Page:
I agree with the Secretary of State and commend the widow of Michael McGibbon, who has spoken so bravely against these people, and who has, unfortunately, been forced out of her home. Her words are a ringing endorsement of the peace process and the political process in Northern Ireland. On tackling dissidents, the cross-border joint agency taskforce, set up under the “Fresh Start” agreement, is doing great work. I would be grateful if the Secretary of State updated us on the work that it is doing to tackle dissident republicans and other criminal gangs.

The right hon. Gentleman is right to mention the very brave testimony of Joanne McGibbon. Our thoughts are with all those who have lost loved ones to terrorism. This House should continue to send out that strong and important message. The joint agency taskforce, which brings together different agencies to confront organised criminality and those linked to terrorism, is doing very good work, and we need to do more of it.

Given that the threat level in Northern Ireland is still severe, is the Secretary of State satisfied with the level of intelligence sharing in the Province?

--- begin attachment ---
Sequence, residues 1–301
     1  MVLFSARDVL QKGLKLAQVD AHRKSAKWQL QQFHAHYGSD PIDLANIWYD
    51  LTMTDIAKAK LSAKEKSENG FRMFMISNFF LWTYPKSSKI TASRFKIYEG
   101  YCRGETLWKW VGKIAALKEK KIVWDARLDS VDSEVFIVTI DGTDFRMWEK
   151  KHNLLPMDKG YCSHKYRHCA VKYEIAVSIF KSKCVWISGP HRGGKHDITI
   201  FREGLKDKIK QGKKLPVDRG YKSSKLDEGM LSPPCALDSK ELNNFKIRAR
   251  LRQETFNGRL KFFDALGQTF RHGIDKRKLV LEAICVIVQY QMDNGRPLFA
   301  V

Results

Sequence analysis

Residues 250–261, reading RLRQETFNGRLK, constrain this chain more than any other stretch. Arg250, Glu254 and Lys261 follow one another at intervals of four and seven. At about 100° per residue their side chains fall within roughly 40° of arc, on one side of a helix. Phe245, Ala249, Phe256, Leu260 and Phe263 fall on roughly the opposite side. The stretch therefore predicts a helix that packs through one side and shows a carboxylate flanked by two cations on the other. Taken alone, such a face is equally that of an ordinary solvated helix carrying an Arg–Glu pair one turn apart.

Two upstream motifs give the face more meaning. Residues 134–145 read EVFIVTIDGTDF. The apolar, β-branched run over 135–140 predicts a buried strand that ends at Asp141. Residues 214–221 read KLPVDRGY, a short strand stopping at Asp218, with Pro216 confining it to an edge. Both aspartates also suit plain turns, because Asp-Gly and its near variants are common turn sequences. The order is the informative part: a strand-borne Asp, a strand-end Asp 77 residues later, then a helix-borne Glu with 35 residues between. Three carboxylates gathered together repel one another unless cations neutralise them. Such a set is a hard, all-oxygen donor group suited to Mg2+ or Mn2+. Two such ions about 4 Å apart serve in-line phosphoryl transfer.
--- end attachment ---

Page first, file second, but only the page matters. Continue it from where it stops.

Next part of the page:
Some very good work is taking place among our agencies in Northern Ireland, as well as those in the Republic of Ireland. That is in a stronger position. Of course, there is still room for further improvement, but significant seizures of arms and weaponry have been made as a consequence of that work. It is important to underline that.

My constituent, Austin Hunter, was an outstanding journalist who covered the security situation in Northern Ireland for many years. He was not only a brilliant journalist and a great family man, but a remarkably fine man in his own right. Will the Secretary of State take this opportunity to join me—and colleagues from across the House who will have known Austin Hunter as a distinguished journalist in Northern Ireland—in sending condolences to his family, who are absolutely devastated by his death in a tragic traffic accident in Bahrain over the weekend?

I thank the hon. Lady for that. Although I did not have the privilege of meeting Austin Hunter, I know, from all the powerful testimony that I have heard, not only that he was an incredible journalist, but how warm and human he was. It was a tragic accident, and I join the hon. Lady in sending my condolences to his friends and family, and everyone who knew him. He clearly made a remarkable contribution, and he will be missed by so many.

People who give information to the police about terrorist activities have saved many lives in the past, and continue to do so today. Is it not entirely wrong to claim, as some groups do in Northern Ireland, that any case that involves an agent somehow also involves police misconduct?